#seo411 Recap: Choosing Keywords for SEO

By Amanda Sides | Mar 31, 2010
More Articles by Amanda

Yesterday, Search Mojo hosted its second #seo411 Twitter chat session, Choosing Keywords for SEO. Last week we discussed SEO from a more general perspective, so the next step in the process would be selecting the keywords you want to optimize. This can be a tricky process, and is the foundation of your strategy, so you want to approach it correctly. Everything from research tools to aligning your keyword strategy with your site content was discussed in this week’s chat.

We want to thank all of our #seo411 participants for the great discussion surrounding Choosing Keywords for SEO. These chat sessions wouldn’t be possible if it weren’t for you guys! Here’s a quick recap of what went down yesterday afternoon.

Q1: What are your favorite tools for SEO keyword research? Why?

The Google External Keyword Tool was popular during the discussion. The tool is great for coming up with related keywords and their estimated search traffic; it’s great for determining search traffic differences between two search terms. Other tools mentioned were Market Samurai, Keyword Elite 2.0, and SEO Link Assistant. You can also get SEO keyword ideas based on Analytics and/or PPC data; try looking at your best converting keywords, they may convert well for SEO too.

Q2: Should you use the same keywords for SEO and PPC?

General consensus was sometimes… if you want to cover more SERP real estate, and have more visibility for a certain keywords (such as brand-specific); you want to own your brand terms in both SEO and PPC. However, sometimes you may not want to advertise on the same keywords that you optimize for with SEO, the segment of users may differ.

Q3: Should SEO keywords be more long tail, or more broad?

Broad keywords bring in more traffic, and long tail keywords are more targeted, so which route would you choose? You want to bring in a lot of targeted traffic, so choosing long tail keywords with more broad keywords within them kills 2 birds with 1 stone.

Q4: What do you think makes a good keyword for SEO?

Try to stick with keywords that are targeted to what you offer, but aren’t too broad. Just remember that these keywords need to be integrated into the site content, so choose what fits best.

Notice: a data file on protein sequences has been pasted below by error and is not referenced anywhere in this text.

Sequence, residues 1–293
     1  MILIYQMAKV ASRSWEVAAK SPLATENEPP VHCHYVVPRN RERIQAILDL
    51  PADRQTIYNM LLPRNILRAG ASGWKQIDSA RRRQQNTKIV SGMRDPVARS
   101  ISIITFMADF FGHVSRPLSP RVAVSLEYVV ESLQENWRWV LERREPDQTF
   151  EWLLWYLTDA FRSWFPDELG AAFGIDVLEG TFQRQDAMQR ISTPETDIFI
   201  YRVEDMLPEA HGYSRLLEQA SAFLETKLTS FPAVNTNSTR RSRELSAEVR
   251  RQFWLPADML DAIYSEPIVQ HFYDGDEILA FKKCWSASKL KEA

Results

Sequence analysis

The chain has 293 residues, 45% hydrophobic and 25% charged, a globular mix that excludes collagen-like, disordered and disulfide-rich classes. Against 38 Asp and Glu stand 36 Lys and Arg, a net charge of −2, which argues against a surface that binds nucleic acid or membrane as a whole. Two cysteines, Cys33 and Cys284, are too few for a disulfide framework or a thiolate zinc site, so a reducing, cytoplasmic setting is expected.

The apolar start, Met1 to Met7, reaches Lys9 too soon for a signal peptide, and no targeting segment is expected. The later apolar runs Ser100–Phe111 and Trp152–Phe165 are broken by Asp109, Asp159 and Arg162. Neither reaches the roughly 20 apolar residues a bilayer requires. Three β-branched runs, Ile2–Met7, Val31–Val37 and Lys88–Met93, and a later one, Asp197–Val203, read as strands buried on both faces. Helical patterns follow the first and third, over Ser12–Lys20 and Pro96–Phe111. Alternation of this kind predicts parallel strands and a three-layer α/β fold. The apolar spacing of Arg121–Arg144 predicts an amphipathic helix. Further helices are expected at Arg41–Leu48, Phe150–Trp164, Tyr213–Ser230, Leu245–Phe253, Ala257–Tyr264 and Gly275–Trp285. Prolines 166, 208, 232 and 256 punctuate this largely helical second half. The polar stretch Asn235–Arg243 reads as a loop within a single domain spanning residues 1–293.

Q5: How do you make sure there are no inconsistencies w/ keyword strategy & content? What are your biggest challenges with this?

From the beginning, try to direct your clients in the right direction with their keyword choices, you don’t want to choose unrelated keywords that aren’t found in the site content, or can’t easily be edited into the site content. A big challenge is convincing the site owner that breaking up their content into more targeted pages is worth the return on their time.

Q6: Do you base your content off of your SEO keywords, or choose your SEO keywords based off of your site content?

A good way to approach this is by basing keyword selections off of the site copy as well as the company’s focus; sometimes copy doesn’t reflect the message well, so you can’t just go on that. You could also use “reverse engineering” by finding the most popular targeted keywords and then compiling content around it.

Q7: What do you think about using misspellings of your brand as SEO keywords? Do it? Don’t do it?

An all-around NO. If you choose misspellings for your SEO keywords, you’ll have to incorporate the misspellings into your site content, so stick with covering those variations with PPC.

Q8: How many keywords should be on your SEO target list? Is there a limit?

There is no limit to how many keywords you can optimize for, but you should limit to about 10, some say 20, keywords to focus on at a time. As long as you have a page of content that matches the keyword, you can optimize it for SEO, but a short list will help you know which keywords are the highest priority.

Q9: Do you think you should include competitors’ brand names in your keyword list?

It’s unlikely that you’ll outrank your competitor; brands usually have a firm hold on their own name in SERPs. You’d have to have a comparison landing page on site to have any chance at all. Also, keep in mind how likely it would be that you’d convert the conquested traffic.


Thanks again to all of our followers who help make our #seo411 chats successful! I hope everyone will spread the word and join us next Tuesday (4/6/10) at 2pm ET for our next chat session: #seo411: How Website Content Factors into SEO.

View the full #seo411 chat schedule


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